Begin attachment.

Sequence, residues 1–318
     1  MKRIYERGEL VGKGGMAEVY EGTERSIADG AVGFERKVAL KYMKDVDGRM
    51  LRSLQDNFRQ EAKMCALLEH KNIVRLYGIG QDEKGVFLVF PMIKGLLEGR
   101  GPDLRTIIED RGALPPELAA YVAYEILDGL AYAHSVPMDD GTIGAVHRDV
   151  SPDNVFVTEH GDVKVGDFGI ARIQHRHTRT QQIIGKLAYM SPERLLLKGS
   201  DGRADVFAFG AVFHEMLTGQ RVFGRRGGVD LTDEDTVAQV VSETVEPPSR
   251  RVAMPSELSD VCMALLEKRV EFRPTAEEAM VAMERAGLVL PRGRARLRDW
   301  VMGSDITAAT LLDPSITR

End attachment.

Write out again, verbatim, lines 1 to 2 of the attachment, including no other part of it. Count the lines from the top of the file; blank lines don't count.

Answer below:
Sequence, residues 1–318
     1  MKRIYERGEL VGKGGMAEVY EGTERSIADG AVGFERKVAL KYMKDVDGRM